Patagonia’s history of the world’s most famous souvenir: The ‘Aloha shirt’

Mark Sandvold, a fixture in Hawai'i paddling for years, paddles into a wave at Tongg's wearing a Canoes aloha shirt for a photo shoot. Photo: Darrell Wong

Mark Sandvold, a fixture in Hawai'i paddling for years, paddles into a wave at Tongg's wearing a Canoes aloha shirt for a photo shoot. Photo: Courtesy of Darrell Wong

If you’ve ever visited Hawaii, there’s probably one lurking in the deep, dark depths of your closet: An Aloha shirt.

You know it, you might even love it, but you probably don’t know much about it other than it’s the most enduring and identifiable souvenir ever created. As it turns out, the history of the Aloha shirt is as colorful as its fabrics.

"The Aloha Shirt" offers a full-color history on the world's most colorful garment. Photo: Courtesy of Patagonia

“The Aloha Shirt” offers a full-color history on the world’s most colorful garment. Photo: Courtesy of Patagonia

Enter “The Aloha Shirt: Spirit of the Island,” a newly re-released coffee table tome from Patagonia that explores the Aloha shirt’s rise from humble origins in the Great Depression to its starring role in a billion-dollar-a-year industry, and as a symbol of pride among surfers the world over.

The Waikiki beachboys were known for spontaneous beach parties. Chick Daniels cuts loose with his

The Waikiki beachboys, (front row from left) Coconut Willie Cohen, Panama Dave, bass player Mystery Cockett, guitarist Melvin Paoa, Duke Kahanamoku, Kalakaua Aylett and Jimmy Hakuole next to Don the Beachcomber. Photo: Courtesy of the Waikiki Beachboys Collection/Grady Timmons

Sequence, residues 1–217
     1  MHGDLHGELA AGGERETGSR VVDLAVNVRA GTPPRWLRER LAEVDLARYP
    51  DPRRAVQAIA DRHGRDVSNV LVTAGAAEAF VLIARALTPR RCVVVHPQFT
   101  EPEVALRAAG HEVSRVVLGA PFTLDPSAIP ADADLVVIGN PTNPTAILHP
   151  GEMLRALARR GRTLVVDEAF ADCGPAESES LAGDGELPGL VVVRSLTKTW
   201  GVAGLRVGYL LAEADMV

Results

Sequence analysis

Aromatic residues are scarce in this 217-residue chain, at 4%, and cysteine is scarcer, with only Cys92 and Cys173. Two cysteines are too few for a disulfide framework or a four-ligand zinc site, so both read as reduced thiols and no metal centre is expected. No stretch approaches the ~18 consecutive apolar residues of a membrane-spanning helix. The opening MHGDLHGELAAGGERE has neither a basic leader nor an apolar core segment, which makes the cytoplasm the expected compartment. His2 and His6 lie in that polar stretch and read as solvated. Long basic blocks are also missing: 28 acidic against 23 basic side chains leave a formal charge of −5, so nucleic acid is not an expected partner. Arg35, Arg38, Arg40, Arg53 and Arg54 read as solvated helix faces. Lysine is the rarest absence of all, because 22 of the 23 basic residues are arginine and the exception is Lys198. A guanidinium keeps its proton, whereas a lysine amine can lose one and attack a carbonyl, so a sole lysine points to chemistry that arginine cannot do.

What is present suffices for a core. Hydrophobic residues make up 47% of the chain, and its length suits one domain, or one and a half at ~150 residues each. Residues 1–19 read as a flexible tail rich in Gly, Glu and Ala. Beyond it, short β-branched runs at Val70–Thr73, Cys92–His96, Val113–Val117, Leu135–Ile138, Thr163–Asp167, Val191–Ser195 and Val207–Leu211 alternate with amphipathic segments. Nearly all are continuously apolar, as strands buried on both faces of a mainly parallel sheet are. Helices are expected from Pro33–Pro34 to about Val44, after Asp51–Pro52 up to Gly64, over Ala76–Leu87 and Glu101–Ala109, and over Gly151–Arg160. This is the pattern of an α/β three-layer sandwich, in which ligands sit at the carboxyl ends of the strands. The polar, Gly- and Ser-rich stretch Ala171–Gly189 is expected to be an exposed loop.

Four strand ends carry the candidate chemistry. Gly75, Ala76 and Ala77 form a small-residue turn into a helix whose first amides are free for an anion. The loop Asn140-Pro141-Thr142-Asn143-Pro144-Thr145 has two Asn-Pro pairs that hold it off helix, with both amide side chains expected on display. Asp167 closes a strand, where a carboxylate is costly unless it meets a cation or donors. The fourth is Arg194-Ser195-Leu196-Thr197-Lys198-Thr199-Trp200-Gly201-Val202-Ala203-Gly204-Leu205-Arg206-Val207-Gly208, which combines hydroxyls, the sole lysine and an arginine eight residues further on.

Author Dale Hope is a second-generation Aloha shirt maker who inherited his parents’ clothing business when the garments were considered a spiritual badge, and later served as creative director of the legendary Kahala label, working closely with Patagonia on its Pataloha label. Throughout the hardcover, full-color book, Hope calls on interviews, archival imagery and personal ephemerae to track the long history of the Aloha shirt to today, as the shirts are experiencing a revival.

Aloha shirt fabrics move through the rope washer. Courtesy of Camille Shaheen Tunberg

Aloha shirt fabrics move through the rope washer. Courtesy of Camille Shaheen Tunberg

New to this edition are added features about the Aloha shirt’s permeation into surf culture, with vintage surf world photography, a chapter on Patagonia’s Pataloha shirt and introduction by legendary surfer Gerry Lopez — not to mention a tribute to surf icon Rell Sunn written by Patagonia’s founder, Yvon Chouinard.

The book’s re-release coincides with a new Patagonia shirt inspired by Rell and her “aloha” spirit.

California pioneer big-wave surfer and surf industry garmento leader Walter Hoffman at his beachside home taking time for his ukulele. Photo: James Cassimus

California pioneer big-wave surfer and surf industry garment leader Walter Hoffman at his beachside home taking time for his ukulele. Photo: Courtesy of James Cassimus

“What began as a business to produce shirts for the growing tourist trade somewhere along the line morphed into something more,” writes Gerry Lopez in the book’s forward. “Something totally local, a rendering of the ‘Aloha Spirit’ into a garment one could put on and after taking off, would still leave some of that residue of that spirit on the wearer.”

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